The fact that the role of Handel's Cleopatra includes enough music to fill out a CD, and that, combined with the music's demands for immense virtuosity and versatility, makes it a daunting challenge and Natalie Dessay is impressive in her account of these excerpts. Dessay's singing is not entirely consistent throughout the album, recorded in 2010, whether because some arias are simply better suited to her voice than others, or because she was not at her best for some of the recording sessions. While the agility and precision of her coloratura are always intact, in some selections, such as the arias "Tutto può donna vezzosa," and "Venere bella," Dessay's voice sounds lighter than it does on albums from earlier in her career, and even a little breathy in her lower register. In other arias, though, she conveys the remarkable fullness and purity for which she is renowned. "Se pieta di me non senti" is breathtaking; her gleaming tone is practically voluptuous and she spins lines of miraculously velvety smoothness and searing emotional intensity. "Piangerò la sorte mia" and the substitution aria "Per dar vita all'idol mio" are other highlights that showcase Dessay at her most vocally and dramatically dazzling. Mezzo-soprano Sonia Prina as Caesar is a capable partner for Dessay in several recitatives and the duet, "Caro! Bella!" Emmanuelle Haïm and Le Concert d'Astrée, frequent collaborators with Dessay, bring their characteristic finesse, spirited intelligence, and dramatic urgency to the music, and the realizations of the continuo parts are especially inventive. Virgin Classics' sound is exceptionally vivid and present, with good balance.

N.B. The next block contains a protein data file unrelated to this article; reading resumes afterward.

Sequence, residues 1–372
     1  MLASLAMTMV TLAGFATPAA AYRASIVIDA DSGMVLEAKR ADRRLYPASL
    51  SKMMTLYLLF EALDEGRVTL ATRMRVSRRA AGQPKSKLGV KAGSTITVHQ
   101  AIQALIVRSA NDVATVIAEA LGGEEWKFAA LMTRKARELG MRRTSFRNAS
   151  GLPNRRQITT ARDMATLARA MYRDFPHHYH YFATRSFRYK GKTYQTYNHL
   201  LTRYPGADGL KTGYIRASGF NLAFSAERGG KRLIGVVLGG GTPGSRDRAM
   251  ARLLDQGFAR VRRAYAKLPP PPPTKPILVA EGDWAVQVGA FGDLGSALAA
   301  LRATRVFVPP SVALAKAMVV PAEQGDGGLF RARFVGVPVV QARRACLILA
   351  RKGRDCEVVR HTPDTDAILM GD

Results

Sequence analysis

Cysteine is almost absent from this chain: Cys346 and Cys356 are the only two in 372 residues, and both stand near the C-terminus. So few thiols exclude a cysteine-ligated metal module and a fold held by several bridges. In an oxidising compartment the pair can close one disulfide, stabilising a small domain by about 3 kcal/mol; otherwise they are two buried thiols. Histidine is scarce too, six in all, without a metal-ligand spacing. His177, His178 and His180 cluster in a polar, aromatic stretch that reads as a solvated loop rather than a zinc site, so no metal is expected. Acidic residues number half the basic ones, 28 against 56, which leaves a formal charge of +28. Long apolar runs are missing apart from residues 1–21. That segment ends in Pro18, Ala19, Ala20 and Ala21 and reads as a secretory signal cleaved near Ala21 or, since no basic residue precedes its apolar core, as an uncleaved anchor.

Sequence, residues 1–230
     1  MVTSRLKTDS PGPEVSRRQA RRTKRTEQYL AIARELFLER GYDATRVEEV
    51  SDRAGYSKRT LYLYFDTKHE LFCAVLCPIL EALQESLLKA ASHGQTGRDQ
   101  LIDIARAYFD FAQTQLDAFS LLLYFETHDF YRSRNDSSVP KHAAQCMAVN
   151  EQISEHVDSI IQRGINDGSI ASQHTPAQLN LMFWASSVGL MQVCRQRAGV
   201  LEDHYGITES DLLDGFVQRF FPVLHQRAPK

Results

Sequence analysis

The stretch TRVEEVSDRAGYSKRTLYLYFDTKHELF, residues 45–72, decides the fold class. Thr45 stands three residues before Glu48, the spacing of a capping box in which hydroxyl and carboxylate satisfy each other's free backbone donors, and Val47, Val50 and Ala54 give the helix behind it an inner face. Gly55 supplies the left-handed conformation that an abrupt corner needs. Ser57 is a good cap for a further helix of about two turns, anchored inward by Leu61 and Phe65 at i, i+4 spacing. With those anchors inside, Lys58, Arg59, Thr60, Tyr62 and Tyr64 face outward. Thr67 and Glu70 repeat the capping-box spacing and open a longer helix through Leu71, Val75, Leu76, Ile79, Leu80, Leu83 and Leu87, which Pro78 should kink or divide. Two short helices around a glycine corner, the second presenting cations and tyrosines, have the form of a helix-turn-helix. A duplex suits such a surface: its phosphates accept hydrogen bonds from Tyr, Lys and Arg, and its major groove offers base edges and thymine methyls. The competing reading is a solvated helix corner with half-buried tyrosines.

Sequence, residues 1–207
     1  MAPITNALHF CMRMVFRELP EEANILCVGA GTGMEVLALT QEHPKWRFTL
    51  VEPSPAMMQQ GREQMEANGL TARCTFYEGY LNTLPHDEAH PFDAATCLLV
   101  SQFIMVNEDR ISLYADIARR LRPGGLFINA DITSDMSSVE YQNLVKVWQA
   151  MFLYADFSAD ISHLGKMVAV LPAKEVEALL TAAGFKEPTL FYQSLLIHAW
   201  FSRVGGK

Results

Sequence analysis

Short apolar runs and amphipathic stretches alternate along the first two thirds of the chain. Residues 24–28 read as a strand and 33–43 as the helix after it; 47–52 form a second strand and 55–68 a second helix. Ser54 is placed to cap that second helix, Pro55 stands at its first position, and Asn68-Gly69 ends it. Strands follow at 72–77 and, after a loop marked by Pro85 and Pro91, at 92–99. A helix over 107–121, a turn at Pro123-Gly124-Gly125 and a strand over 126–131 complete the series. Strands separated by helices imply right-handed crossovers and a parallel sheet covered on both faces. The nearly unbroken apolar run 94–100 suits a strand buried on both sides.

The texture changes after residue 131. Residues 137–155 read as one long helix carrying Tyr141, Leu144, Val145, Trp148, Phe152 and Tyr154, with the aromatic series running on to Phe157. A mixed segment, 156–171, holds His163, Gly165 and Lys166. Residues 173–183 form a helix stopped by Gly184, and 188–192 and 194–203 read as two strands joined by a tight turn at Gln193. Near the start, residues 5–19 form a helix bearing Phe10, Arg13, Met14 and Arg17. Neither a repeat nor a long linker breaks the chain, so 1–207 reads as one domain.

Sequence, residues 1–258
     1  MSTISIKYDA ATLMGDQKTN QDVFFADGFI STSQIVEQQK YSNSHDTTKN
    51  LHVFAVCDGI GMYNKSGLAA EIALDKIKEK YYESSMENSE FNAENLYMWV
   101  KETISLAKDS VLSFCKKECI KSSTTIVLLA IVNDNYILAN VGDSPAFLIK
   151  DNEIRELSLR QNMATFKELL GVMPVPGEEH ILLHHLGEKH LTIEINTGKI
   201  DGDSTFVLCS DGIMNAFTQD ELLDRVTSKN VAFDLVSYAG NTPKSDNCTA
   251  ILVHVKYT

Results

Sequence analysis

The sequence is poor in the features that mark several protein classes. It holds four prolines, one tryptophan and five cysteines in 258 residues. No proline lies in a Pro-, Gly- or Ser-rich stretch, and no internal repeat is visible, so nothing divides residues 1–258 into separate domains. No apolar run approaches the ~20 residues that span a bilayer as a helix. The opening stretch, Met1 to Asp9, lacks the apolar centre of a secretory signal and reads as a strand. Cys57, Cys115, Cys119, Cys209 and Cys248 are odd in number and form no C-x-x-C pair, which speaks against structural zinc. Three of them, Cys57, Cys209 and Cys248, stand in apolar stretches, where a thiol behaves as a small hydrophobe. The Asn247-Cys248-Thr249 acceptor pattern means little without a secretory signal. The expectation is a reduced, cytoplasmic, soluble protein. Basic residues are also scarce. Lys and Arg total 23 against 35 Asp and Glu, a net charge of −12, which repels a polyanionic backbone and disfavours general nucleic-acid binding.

AllMusic Review by Stephen Eddins
|Giulio Cesare in Egitto, HWV17|